Majestic mountains, vibrant vistas, stunning scenery – and, perhaps, the transformation of a blob of molten glass into a rearing horse – these are sights that can truly be awe-inspiring, generating those feelings of reverence and wonder. They make time seem to slow down. But do they also make it seem more likely that there must be some creator or supernatural being behind it all?
The theory is called “compensatory control”: when awe is thrust upon us unexpectedly, it reminds us of all that you do not fully comprehend or control, which is a very uncomfortable feeling, and we reduce our discomfort by coming up with an explanation that puts someone in control. Specifically, we declare that there is “agency” at work, because someone did this.
To test whether a feeling of awe would make people less tolerant of uncertainty and therefore believe that there is some unseen hand at work, researchers had volunteers watch a quick 5-minute movie and then rate their agreement with a few key statements such as “The events that occur in this world unfold according to God’s or some other nonhuman entity’s plan”. People who watched 5 minutes of BBC’s Earth (chosen to include impressive and awe-inspiring scenes) were more likely to agree with those statements and to report a belief in god than those who watched an equally long televised interview. The shift in belief was subtle: on a 10 point scale where 1 is “tremendously doubtful” and 10 is “extremely likely”, those who watched the awe-inspiring video rated their belief as only 1 point more certain (6.2 vs. 5.1). However, statistically awe explained virtually all of the difference in belief, with nothing left over to be explained by other emotions.
Of course, this just shows us that awe seems to inspire a certain belief in the supernatural, not that it has anything to do with how out-of-control awe makes us feel or how our discomfort can be reduced by attributing everything to a higher power. Thus, a second study was done, now adding the ambiguity subscale of a Need for Closure questionnaire, asking people to rate how much they agreed that “I feel uncomfortable when I don’t understand the reason why an event occurred in my life”, this time on a 6-point scale, with 6 being “totally agree”. Again, the group that watched Earth reported about a point more certainty that there is some supernatural being (6.3 vs. 5.2, still on the 10-point scale), and self-reported feelings of awe at the time explained this heightened belief.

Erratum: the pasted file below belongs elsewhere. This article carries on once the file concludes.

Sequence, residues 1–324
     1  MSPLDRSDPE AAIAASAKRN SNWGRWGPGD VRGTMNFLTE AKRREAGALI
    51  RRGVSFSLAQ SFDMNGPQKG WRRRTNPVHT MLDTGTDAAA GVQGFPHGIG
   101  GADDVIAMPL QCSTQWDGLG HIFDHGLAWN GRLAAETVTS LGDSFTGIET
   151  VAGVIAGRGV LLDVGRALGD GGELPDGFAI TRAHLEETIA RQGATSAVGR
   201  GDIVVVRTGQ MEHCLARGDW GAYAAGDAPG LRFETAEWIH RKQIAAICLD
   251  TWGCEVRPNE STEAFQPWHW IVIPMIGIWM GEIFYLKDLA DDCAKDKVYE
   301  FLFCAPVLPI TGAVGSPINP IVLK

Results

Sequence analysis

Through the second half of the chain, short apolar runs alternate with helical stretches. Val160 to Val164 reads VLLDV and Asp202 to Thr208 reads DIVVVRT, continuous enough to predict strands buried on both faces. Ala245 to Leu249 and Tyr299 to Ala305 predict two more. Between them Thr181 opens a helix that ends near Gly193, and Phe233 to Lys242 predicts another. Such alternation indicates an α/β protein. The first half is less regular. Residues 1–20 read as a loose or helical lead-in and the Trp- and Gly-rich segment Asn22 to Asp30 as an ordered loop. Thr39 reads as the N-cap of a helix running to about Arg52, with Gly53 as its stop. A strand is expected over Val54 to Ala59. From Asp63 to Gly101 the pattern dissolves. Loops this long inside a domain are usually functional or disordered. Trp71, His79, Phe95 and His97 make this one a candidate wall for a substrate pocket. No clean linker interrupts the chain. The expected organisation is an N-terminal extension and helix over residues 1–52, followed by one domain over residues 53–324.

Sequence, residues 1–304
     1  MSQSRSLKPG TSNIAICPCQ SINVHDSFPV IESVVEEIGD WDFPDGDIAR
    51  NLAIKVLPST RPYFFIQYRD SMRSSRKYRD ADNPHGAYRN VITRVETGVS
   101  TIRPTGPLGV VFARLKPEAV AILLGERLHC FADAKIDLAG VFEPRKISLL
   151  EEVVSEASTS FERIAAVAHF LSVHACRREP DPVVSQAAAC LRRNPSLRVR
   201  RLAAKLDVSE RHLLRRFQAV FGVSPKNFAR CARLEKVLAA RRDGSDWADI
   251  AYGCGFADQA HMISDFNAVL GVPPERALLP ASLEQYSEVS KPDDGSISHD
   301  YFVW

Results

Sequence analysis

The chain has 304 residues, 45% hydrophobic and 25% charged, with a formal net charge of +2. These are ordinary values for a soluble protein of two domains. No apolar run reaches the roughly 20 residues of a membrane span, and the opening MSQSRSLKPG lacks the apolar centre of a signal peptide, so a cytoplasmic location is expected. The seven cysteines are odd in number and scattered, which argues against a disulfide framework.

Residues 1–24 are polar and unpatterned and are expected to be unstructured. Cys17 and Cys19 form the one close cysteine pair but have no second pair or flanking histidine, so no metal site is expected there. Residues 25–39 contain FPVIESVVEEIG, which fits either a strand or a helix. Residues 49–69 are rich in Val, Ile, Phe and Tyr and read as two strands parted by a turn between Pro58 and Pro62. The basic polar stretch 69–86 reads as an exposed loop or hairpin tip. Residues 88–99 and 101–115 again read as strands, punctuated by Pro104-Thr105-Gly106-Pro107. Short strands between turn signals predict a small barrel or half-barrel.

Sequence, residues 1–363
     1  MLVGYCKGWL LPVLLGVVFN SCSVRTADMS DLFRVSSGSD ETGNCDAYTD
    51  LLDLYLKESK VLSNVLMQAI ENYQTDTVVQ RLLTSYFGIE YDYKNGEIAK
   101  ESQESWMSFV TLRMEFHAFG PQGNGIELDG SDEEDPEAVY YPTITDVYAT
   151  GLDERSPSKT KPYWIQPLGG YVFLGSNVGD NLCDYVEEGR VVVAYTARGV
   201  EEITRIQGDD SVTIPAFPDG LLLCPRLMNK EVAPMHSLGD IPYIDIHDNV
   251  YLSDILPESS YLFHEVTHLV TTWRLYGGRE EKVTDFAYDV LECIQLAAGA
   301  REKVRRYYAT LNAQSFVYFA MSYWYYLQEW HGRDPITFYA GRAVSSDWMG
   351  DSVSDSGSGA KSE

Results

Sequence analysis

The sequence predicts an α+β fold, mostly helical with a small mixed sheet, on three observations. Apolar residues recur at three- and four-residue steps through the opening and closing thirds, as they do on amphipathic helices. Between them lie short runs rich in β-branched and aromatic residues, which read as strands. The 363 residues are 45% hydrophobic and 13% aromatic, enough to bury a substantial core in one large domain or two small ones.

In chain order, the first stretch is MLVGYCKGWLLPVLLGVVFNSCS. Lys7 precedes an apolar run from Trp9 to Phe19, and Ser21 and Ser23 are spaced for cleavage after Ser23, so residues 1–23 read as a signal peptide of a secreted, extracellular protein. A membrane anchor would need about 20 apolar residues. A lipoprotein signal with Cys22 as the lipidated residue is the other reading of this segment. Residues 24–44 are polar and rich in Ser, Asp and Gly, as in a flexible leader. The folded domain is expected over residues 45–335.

And, critically, the group that watched the awe-inspiring documentary were more intolerant of uncertainty, about half a point (4.4 vs. 4.0) on that 6-point scale. With careful statistical analysis, the authors show that this intolerance for uncertainty explains about half of why awe inspires a belief in the supernatural – although it was note quite statistically significant (p = .054, when usually we want < .05) and only explained about half
Two additional studies replaced self-reported belief in the supernatural with a task designed to see if people saw intelligence action behind random events – that is, whether people were likely to decree that a series of random numbers had been generated by a person rather than a computer, again on a scale of 10 (with 1 being definitely random, and 10 being definitely human). Those who watched in the awe-inspiring video were more likely to believe the numbers were generated by people (5.7 instead of 5.1), and an increased intolerance for ambiguity was behind some – but not all – of that tendency to see intelligent action where none existed.
So, we have some evidence for compensatory control. When in a state of awe we don’t like not understanding the reason why, which makes us look for reasons even when there are none, and this can enhance our belief in God or any supernatural being acting behind the scenes, because that way either we can understand what’s going on (“God did it”), or at least if we don’t understand it someone else does (the ineffable plan).
Unfortunately, as a Psychological Science report with 5 experiments squeezed in, there is very little room given to discussion. The authors acknowledge that the link between awe and belief is only “partially mediated” by compensatory control, but offer very little about what the non-mediated portion – that is, the part of change in belief that cannot be explained by discomfort with not being in certain of what’s going on – really is. There is a footnote (only a footnote!) suggesting that it could be either that the way they measured intolerance of ambiguity is limited and couldn’t capture a complete sense of that emotion, or that there is some other link between awe and belief that wasn’t thought about and measured. But what could that missing link be? A two-paragraph discussion simply can’t do justice to a topic this rich, which makes the entire article feel somewhat unsatisfying, and not awe-inspiring at all.
Valdesolo, P., & Graham, J. (2014). Awe, uncertainty, and agency detection. Psychological Science, 25 (1), 170-178. PMID: 24247728